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Scotland’s crumbling coastlines

Scotland’s crumbling coastlines are proving a crucial resource for coastal communities to work on archaeological projects, preserving valuable information before it is lost forever.

That message, and others, will be highlighted at a national conference at the University of St Andrews next week (Tuesday 12 October 2004), featuring experts from a host of natural and cultural heritage organisations.

The SCAPE – Scottish Coastal Archaeology and the Problem of Erosion – conference will look at the threat faced by Scotland’s coast from erosion, and the ways that different agencies are dealing with the problem. It will show that natural heritage organisations have taken the lead in planning for changes to the coast and will argue that archaeologists are keen to work more closely with colleagues from other disciplines.

The conference will demonstrate that many of these sites, estimated by Historic Scotland to be as many as 12,000, are at risk. Hundreds of them are of national or even international importance. These sites could potentially be used to both increase our understanding of the development of Scotland and provide revenue to rural areas by increasing tourism and providing employment.

The conference will show how archaeologists have dealt with the problem of eroding sites in the past and will explore new ways of working with our eroding remains, including a greater role for coastal communities to work on archaeological projects.

Tom Dawson, a researcher with the University’s Institute for Environmental History said, “In recent years, there has been an explosion in the popularity of archaeology, as shown by the numerous programmes dealing with the subject on television. Examining our eroding archaeology may give those interested in the subject the opportunity to become practically involved in their own project while helping archaeologists to retrieve valuable information before it is lost forever”.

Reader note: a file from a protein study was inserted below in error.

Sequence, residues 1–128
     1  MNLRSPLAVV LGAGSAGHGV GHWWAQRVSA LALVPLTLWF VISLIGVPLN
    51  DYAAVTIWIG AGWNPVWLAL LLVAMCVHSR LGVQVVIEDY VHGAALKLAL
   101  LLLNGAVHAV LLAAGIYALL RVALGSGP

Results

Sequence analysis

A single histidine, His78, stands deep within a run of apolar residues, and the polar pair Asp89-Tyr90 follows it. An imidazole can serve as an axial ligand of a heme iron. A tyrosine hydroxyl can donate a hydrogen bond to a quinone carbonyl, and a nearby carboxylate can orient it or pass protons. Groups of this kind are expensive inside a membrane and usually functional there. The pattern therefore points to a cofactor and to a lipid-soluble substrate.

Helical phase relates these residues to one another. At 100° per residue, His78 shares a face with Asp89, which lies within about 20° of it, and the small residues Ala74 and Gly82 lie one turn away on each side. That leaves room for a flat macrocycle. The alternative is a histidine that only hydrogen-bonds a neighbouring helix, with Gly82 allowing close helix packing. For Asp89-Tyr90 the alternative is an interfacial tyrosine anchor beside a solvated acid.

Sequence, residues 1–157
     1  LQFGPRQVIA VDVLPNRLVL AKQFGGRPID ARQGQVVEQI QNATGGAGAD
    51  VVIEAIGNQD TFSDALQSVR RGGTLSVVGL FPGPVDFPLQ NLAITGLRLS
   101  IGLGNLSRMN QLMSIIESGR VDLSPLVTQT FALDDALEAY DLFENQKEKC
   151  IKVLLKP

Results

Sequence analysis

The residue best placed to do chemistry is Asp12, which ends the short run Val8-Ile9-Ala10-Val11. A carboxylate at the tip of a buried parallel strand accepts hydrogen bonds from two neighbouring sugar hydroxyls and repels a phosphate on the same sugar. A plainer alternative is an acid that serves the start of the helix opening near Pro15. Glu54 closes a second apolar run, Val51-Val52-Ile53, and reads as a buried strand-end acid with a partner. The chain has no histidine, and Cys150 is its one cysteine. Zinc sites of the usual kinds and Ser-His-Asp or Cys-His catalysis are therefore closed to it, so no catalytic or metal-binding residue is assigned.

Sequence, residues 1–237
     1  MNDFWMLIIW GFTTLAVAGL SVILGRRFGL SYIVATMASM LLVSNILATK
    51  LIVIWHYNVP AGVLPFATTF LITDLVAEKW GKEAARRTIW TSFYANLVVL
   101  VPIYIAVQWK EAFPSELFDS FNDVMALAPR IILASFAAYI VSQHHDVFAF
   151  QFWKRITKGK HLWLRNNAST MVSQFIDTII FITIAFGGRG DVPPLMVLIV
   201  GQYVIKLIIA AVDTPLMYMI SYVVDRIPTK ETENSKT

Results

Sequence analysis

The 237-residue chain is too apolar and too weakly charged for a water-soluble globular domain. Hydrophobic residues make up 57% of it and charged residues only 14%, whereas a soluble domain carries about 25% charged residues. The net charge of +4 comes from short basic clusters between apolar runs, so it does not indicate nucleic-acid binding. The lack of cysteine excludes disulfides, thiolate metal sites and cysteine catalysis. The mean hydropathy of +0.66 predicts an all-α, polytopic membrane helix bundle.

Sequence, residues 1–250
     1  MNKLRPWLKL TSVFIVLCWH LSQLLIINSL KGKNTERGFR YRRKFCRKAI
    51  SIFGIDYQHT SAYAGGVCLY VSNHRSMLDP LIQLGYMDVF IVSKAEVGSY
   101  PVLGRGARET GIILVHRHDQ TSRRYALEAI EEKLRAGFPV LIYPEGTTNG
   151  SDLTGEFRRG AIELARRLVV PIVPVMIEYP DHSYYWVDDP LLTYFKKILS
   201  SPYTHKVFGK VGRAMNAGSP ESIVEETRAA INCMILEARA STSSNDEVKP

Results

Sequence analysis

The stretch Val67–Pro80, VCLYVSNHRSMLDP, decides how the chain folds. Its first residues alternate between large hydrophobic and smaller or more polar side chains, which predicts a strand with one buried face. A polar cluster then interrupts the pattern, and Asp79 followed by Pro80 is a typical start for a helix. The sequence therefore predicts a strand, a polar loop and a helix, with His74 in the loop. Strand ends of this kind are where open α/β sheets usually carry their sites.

ENDS

NOTE TO EDITORS

Full programme

Session One: Coastal erosion and archaeology in Scotland Chair: Rod McCullagh, Historic Scotland

Scotland’s coast and the problem of erosion Ali Rennie, Scottish Natural Heritage

Scotland’s coastline and the effects of future climate change Professor Alastair Dawson, Coventry University

The scale of the problem: a visual tour of Scotland’s eroding archaeological sites Tom Dawson, SCAPE and the University of St Andrews

Session Two: Options for the eroding coast Chair: Patrick Ashmore, Historic Scotland

A response to erosion – defend, retreat or realign? Jim Hansom, University of Glasgow

Coastal realignment, the work of the RSPB at Nigg Bay Kenna Chisholm, Royal Society for the Protection of Birds

Session Three: The archaeologist’s response to the problem Chair: Neil Galbraith, HEACS

Archaeological projects and the role of local communities Eila MacQueen, Council for Scottish Archaeology

Rapid-response excavation at threatened sites Olwyn Owen, Historic Scotland

Long-term rescue projects at the coast Mary MacLeod, Local Authority Archaeologist, Western Isles

Session Four: The future for Scotland’s eroding archaeological sites Chair: Professor Christopher Smout, University St Andrews

The need for further fully-funded research excavation Julie Gibson, Local Authority Archaeologist, Orkney

The role of salvage excavation at eroding sites Robin Turner, National Trust for Scotland

The conference will be held at the St Andrews Golf Hotel, The Scores, St Andrews on Tuesday 12 October 2004, from 10am-4.30pm.

SCAPE was set up in 2001 to encourage community groups around Scotland to monitor the damage being caused by coastal erosion.

For more information/abstracts, please contact Claire Grainger, contact details below.

ENDS

Issued by Beattie Media On behalf of the University of St Andrews For more information, please contact Claire Grainger, Press Officer – 01334 462530, 07730 415 015 or cg24@st-andrews.ac.uk; Ref: press releases/SCAPE View the latest University news at http://www.st-andrews.ac.uk

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